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Water Talks Are On After Settlement Offer By San Diego

The Olivenhain Dam in San Diego County, shown in an undated photograph, is pa...

Credit: San Diego County Water Authority

Above: The Olivenhain Dam in San Diego County, shown in an undated photograph, is part of a network of water storage that can store 90,000 acre feet of water.

San Diego Water managers will meet with the Metropolitan Water District next week in a bid to end a long-running feud over water transfer costs.

The San Diego County Water Authority made a surprise settlement offer a week ago.

SDCWA Board Chair Jim Madaffer delivered a letter to MWD suggesting the two water agencies stop fighting over water fees.

MWD’s initial reaction was cool, with the Los Angeles-based water wholesaler canceling a closed-door meeting on the issue that was originally scheduled for this week.

RELATED: San Diego County Water Authority Seeks To Settle Legal Disputes With Metropolitan Water District

“We were surprised by the unilateral decision by the San Diego County Water Authority (SDCWA) to make the proposal letter public as our ongoing discussions with SDCWA led by former Chair Muir were confidential and our agencies have an executed confidentiality agreement governing those discussions,” said the letter from Metropolitan.

The Los Angeles-based agency asked to postpone this week’s meeting to have discussions with the full board.

“Rest assured that we take the SDCWA proposal seriously, and it will receive Metropolitan’s full consideration,” the letter continued.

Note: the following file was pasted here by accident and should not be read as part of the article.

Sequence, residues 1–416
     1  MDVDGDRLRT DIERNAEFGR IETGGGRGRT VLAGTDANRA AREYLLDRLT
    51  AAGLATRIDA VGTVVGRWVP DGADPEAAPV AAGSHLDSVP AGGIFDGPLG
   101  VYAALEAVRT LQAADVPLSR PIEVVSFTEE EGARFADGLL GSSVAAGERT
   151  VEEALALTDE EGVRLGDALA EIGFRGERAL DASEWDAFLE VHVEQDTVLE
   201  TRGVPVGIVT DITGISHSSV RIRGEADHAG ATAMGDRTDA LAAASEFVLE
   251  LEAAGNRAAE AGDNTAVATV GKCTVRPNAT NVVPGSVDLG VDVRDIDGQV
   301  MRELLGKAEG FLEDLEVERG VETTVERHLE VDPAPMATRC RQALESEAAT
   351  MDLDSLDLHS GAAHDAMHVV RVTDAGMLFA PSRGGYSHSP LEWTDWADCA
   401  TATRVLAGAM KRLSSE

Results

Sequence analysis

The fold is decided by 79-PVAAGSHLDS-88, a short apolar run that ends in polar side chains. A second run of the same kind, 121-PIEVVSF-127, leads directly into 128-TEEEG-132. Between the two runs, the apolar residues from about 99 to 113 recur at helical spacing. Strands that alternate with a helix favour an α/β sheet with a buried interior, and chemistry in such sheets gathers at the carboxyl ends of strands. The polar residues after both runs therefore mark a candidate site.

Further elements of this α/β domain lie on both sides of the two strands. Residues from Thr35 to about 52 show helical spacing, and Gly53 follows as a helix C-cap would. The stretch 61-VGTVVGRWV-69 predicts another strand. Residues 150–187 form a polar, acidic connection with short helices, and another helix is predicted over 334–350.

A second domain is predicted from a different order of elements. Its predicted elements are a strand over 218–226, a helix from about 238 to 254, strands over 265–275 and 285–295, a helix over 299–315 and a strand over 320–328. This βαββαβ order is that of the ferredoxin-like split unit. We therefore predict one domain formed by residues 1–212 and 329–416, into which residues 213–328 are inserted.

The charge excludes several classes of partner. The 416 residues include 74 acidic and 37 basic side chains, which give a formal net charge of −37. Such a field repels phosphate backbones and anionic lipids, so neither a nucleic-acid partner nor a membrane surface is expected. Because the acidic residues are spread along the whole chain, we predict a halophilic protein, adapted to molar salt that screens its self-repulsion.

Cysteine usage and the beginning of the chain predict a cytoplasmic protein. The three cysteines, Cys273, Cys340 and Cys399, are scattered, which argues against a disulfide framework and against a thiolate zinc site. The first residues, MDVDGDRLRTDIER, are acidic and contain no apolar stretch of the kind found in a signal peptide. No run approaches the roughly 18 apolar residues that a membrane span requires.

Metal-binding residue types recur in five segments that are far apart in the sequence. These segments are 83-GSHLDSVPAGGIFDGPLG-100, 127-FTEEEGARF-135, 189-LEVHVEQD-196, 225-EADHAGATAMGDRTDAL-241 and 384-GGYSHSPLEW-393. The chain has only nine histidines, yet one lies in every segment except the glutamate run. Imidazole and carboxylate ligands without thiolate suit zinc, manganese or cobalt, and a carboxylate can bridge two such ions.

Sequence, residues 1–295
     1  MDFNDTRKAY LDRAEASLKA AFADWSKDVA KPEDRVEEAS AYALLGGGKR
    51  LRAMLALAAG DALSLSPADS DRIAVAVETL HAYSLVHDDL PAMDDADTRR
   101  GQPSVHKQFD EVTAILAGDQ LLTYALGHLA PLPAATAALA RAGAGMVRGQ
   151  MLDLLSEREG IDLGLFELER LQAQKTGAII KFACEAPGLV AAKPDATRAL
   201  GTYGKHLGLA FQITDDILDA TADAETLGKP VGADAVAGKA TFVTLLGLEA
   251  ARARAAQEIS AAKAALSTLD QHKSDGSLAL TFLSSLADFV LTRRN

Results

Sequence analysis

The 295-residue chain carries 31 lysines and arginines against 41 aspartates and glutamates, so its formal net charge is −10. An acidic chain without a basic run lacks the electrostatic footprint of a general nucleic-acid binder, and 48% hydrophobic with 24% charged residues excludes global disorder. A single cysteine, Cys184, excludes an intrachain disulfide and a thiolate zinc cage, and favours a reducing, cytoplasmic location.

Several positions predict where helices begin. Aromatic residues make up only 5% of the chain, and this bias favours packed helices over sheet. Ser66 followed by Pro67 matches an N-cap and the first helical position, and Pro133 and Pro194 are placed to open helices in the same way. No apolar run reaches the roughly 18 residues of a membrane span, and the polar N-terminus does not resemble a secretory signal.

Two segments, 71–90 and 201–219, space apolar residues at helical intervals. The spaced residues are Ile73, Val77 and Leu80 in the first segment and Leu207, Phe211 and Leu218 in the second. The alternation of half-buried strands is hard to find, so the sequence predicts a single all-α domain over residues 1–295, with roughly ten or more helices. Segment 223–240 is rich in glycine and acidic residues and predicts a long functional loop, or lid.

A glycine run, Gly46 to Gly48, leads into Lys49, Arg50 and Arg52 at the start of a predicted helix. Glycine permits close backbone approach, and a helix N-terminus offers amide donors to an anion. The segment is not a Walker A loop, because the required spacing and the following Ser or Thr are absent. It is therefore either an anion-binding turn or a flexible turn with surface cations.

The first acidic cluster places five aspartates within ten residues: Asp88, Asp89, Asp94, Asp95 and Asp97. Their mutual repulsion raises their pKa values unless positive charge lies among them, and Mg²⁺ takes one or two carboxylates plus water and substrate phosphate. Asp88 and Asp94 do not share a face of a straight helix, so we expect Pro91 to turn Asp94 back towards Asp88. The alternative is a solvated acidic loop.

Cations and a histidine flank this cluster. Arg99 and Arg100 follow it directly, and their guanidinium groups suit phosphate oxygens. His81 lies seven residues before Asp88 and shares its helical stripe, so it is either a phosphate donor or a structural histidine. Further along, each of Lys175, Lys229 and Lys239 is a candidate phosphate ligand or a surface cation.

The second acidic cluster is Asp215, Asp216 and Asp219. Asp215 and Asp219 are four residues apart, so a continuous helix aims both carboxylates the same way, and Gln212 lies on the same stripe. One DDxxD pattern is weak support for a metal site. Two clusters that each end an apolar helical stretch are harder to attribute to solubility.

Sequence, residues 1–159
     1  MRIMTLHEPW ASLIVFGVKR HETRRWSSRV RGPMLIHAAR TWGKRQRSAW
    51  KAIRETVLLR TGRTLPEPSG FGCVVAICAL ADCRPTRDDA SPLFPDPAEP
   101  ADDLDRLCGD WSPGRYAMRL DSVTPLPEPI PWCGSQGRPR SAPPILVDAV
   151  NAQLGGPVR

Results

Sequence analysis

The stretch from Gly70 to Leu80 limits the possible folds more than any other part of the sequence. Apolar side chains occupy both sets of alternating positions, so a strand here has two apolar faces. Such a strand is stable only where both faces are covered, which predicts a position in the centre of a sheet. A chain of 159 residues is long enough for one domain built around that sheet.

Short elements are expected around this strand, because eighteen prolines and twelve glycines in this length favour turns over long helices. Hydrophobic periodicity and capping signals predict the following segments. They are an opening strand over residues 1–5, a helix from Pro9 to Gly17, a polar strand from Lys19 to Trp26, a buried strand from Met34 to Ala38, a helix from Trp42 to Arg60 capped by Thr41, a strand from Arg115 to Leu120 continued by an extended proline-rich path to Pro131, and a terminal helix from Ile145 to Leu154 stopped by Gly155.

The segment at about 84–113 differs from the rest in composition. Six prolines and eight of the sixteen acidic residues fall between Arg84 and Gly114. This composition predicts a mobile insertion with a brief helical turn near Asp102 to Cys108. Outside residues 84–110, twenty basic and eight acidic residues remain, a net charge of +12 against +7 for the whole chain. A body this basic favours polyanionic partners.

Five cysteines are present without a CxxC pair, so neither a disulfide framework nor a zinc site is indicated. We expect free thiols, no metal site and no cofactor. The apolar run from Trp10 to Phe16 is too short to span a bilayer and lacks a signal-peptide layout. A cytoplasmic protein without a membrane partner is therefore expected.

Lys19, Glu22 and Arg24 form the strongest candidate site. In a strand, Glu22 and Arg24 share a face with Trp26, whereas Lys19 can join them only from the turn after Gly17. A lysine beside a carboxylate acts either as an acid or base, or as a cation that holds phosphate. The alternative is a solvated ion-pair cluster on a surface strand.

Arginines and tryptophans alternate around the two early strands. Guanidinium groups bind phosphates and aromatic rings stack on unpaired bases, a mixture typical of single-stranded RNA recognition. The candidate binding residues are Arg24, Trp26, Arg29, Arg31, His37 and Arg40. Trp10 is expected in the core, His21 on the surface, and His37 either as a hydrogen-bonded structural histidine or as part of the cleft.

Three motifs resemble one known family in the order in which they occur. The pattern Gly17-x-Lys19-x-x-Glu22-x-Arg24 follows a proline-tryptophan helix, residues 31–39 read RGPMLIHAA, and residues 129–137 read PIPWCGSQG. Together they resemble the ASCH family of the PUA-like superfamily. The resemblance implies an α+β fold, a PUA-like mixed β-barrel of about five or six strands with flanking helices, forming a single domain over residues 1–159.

That meeting is back on the agenda after some email correspondence between the two agencies.

“We’re really encouraged that they’ve come back now and being willing to sit down and talk. We would like to go into the confidential aspects of the proposal. And that’s the whole purpose of the discussion that’s now going to take place at 3 p.m. on Monday in Los Angeles,” Madaffer said.

The SDCWA has spent nearly a decade fighting the MWD increases in water transfer fees.

That dispute at times became ugly. At one point San Diego water manager’s accused Metropolitan of running a shadow government trying to undermine the local water agency.

“It’s really important for our region to end that litigation. And really work cooperatively for the betterment of our ratepayers,” Madaffer said.

Legal challenges are still pending in several courts. The San Diego offer would end the litigation and set transfer fees.

San Diego County water managers will talk about their peace offering with Los Angeles officials.


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Erik Anderson
Environment Reporter

opening quote marksclosing quote marksI focus on the environment and all the implications that a changing or challenging environment has for life in Southern California. That includes climate change, endangered species, habitat, urbanization, pollution and many other topics.

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